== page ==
Food security is ensured in a country when the three dimensions of food security are taken care of. The three dimensions are:
Availabilityof food - Presence of enough food for all the persons
Accessibilityof food - Absence of barrier on access to food
Affordabilityof food - Capability of all persons to buy food of acceptable quality
A large section of people suffer from food and nutrition insecurity in India. However, the worst affected groups areas follows:
→ Landless and land-poor households, traditional artisans, providers of traditional services, petty self-employed workers and destitute including beggars (in the rural areas).
→ People employed in ill-paid occupations and casual labourers engaged in seasonal activities (in the urban areas).
→ People belonging to the backward sections of society, namely SCs, STs and OBCs
→ People belonging to economically-backward states with high incidence of poverty, tribal and remote areas and regions more prone to natural disasters.
→ People affected by natural disasters who have to migrate to other areas in search of work.
→ Large proportion of pregnant and nursing mothers, and children under the age of 5 years.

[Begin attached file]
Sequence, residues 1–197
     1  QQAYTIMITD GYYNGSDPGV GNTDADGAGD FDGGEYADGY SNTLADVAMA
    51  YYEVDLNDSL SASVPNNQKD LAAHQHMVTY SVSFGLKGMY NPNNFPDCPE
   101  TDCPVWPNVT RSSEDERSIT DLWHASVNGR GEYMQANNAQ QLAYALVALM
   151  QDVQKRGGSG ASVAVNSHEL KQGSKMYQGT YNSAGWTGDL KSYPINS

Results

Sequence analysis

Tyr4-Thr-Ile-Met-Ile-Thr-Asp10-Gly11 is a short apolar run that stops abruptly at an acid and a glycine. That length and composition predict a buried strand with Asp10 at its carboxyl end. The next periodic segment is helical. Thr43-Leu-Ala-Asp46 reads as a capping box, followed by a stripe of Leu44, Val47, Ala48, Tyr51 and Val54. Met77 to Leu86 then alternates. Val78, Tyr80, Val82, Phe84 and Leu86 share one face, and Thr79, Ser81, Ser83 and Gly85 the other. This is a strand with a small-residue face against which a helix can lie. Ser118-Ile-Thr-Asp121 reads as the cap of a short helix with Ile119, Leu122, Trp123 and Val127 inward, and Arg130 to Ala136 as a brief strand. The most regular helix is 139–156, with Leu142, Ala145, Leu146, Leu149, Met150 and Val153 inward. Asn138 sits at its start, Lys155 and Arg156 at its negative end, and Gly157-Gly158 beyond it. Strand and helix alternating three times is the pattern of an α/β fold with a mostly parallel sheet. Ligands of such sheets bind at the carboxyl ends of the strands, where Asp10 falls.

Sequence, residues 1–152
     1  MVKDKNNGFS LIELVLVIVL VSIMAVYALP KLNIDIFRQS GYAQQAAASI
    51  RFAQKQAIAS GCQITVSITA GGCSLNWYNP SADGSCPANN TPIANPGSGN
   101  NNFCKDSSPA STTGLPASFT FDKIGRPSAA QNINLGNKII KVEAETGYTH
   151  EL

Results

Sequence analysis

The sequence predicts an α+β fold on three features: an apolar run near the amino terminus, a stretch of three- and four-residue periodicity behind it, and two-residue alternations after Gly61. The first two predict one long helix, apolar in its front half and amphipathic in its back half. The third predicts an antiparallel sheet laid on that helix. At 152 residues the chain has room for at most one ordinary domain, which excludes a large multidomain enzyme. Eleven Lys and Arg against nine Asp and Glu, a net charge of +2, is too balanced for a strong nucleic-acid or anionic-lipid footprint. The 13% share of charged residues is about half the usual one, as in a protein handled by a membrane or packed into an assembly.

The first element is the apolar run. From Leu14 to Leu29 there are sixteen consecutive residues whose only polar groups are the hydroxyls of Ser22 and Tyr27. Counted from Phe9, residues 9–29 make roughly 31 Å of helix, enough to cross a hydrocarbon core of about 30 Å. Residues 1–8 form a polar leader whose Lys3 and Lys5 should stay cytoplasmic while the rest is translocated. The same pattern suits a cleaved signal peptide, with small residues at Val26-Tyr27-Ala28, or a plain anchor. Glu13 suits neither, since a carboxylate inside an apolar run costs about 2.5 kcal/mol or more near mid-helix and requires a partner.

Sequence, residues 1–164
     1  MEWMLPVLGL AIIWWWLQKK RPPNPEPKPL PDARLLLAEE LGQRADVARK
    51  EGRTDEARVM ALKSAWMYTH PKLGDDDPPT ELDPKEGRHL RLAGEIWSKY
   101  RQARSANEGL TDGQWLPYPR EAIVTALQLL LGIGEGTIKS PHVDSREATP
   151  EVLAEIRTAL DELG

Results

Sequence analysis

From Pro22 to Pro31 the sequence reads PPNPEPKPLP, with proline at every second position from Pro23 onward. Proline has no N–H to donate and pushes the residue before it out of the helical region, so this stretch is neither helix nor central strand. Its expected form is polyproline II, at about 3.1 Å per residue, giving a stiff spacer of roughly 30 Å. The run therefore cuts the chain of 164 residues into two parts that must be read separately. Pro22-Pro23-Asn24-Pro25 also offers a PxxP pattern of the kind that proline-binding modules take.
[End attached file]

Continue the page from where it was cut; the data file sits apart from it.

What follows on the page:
The economically-backward states with high incidence of poverty are more food insecure in India. The states of Uttar Pradesh (eastern and south-eastern parts), Bihar, Jharkhand, Orissa, West Bengal, Chattisgarh, parts of Madhya Pradesh and Maharashtra account for the largest number of food insecure people in the country
Do you believe that Green Revolution has made India self-sufficient in food grains? How?
In the late 1960s, the Green Revolution introduced the Indian farmer to the cultivation of high-yielding varieties (HYVs) of seeds. The HYVs (coupled with chemical fertilisers and pesticides) led to a growth in the productivity of food grains (especially wheat and rice), thereby helping India attain self-sufficiency in food grains. Since the advent of the Green Revolution, the country has avoided famine even during adverse weather conditions.
Despite large increase in foodgrain production we find people without food in India. Poor people suffer from chronic hunger. They find themselves unable to buy food. Over one-fifth of the country’s population still suffers from chronic hunger.